The Arts and Crafts Movement in California
The Arts and Crafts movement arrived in America just prior to the turn of the century. As in England, where it began, the movement was a reaction to the garish, the uncomfortable, and the mass-produced. Its adherents were an odd mix of bohemians, scholars, socialists, and giants of commerce. In California, the movement’s philosophy was enthusiastically adopted by communities already encouraged in utopian ideals by the natural beauty and serenity of the underdeveloped coastal state. Several remarkable enclaves still bear witness to the optimism and creative force of the movement’s artisans, proponents, and sponsors.
In nine annotated essays by historians and museum curators, the Arts and Crafts communities of California are explored. The works of major figures such as architects Bernard Maybeck, Irving Gill, and the brothers Greene, and artisans Porter Blanchard and Ernest Batchelder are discussed in context of the whole movement. The paradox of the movement is also addressed: The simple life was expensive. Homes designed to appear rustic and unobtrusive were in fact estates that only the wealthy could build. Even the Mission style furnishings, admired for their simplicity, became affordable to the middle class only when they went into mass production.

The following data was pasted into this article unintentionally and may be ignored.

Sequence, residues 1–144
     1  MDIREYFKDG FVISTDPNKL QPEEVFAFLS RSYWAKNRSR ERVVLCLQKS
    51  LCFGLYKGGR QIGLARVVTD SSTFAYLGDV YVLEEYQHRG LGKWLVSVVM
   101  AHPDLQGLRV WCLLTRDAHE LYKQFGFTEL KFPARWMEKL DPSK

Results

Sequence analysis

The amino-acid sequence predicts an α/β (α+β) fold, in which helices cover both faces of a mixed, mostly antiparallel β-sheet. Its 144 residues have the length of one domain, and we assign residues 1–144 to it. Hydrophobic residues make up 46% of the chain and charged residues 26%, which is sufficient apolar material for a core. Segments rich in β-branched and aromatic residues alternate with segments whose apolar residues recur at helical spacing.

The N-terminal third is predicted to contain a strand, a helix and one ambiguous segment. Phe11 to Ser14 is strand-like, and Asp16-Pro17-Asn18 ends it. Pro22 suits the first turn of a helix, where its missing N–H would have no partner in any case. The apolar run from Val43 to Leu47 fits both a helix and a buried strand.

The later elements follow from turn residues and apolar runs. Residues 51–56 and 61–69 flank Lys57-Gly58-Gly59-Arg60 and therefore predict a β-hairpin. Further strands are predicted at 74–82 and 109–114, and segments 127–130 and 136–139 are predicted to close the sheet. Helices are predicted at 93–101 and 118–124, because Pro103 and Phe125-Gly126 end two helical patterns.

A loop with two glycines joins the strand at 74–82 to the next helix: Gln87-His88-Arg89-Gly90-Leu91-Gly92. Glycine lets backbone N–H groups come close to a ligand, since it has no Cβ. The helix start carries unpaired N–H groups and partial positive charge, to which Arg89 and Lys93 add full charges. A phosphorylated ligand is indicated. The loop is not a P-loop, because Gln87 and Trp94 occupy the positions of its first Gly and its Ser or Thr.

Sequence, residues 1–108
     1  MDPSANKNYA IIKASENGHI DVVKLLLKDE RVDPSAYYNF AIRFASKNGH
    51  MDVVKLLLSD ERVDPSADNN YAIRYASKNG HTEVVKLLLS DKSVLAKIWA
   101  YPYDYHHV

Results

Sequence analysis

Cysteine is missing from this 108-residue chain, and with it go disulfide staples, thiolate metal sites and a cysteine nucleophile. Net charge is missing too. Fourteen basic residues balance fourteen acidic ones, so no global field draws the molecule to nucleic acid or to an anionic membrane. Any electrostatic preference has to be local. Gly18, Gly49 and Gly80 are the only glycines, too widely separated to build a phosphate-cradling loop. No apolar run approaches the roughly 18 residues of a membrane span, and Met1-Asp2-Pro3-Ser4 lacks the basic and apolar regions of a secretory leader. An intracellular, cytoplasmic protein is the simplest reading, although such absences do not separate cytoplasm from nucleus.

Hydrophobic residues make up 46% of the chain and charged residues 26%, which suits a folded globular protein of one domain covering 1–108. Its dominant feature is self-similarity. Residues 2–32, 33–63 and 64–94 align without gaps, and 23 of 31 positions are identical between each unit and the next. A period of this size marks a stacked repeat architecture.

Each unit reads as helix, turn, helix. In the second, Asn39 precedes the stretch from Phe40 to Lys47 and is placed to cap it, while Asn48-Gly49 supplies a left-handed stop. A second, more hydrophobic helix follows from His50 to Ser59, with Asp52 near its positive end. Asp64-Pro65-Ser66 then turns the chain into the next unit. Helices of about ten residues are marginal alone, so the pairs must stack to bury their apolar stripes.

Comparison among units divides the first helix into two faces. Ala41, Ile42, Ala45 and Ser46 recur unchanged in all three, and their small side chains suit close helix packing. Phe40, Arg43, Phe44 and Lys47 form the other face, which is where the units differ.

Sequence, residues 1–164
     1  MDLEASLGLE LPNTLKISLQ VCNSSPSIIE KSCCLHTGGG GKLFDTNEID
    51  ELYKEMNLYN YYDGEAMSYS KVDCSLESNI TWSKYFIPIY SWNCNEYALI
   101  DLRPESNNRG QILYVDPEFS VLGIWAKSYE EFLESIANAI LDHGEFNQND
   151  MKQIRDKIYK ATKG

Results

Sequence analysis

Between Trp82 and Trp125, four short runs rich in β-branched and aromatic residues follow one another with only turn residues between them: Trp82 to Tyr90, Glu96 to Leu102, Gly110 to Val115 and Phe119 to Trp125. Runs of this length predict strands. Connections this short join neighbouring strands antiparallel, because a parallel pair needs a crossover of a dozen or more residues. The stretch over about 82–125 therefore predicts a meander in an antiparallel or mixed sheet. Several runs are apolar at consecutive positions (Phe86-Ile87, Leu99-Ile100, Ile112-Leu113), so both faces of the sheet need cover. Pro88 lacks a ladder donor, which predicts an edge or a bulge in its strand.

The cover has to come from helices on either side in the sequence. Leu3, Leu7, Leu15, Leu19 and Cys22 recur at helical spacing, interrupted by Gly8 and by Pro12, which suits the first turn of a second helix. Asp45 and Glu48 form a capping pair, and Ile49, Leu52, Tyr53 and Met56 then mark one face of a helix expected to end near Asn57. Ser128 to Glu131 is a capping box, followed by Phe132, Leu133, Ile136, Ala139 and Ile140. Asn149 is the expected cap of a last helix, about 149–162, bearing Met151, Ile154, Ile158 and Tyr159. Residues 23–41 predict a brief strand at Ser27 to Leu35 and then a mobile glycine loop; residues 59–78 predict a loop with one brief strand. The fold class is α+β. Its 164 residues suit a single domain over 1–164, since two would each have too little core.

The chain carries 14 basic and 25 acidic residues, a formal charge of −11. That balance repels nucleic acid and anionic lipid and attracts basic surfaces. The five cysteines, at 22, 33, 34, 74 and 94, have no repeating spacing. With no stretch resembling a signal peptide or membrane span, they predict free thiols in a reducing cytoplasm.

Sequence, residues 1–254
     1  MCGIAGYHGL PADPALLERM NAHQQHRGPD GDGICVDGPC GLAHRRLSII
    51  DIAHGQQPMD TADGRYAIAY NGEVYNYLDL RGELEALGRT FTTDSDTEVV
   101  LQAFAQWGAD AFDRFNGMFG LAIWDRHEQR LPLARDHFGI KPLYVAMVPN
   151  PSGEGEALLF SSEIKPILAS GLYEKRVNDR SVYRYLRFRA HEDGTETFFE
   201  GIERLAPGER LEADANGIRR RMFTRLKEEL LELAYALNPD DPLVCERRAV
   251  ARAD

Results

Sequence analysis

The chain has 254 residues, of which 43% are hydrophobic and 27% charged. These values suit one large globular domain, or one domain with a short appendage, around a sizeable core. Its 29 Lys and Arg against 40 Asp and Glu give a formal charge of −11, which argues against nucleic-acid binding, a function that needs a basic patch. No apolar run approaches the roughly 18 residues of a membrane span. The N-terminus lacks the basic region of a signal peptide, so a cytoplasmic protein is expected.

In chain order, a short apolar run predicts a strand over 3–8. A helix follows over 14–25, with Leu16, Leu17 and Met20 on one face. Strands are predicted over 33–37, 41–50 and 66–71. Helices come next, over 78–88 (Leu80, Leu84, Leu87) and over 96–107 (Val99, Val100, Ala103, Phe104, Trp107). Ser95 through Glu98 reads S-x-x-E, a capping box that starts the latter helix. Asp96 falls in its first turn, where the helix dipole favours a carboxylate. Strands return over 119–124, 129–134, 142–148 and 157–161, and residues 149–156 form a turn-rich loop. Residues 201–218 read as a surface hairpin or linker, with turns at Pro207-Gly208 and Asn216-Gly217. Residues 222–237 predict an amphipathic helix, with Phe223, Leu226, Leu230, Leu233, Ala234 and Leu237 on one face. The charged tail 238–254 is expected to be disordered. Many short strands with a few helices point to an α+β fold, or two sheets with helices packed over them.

The Oakland Museum’s exhibit is presented in more than two hundred photographs, representing a good overview of the movement’s artistic achievement. In addition to a fine bibliography and a thorough index, the book offers chronological biographies of artisans and their companies. Of special interest for readers intending to visit the exhibit, an exhibition checklist is also included.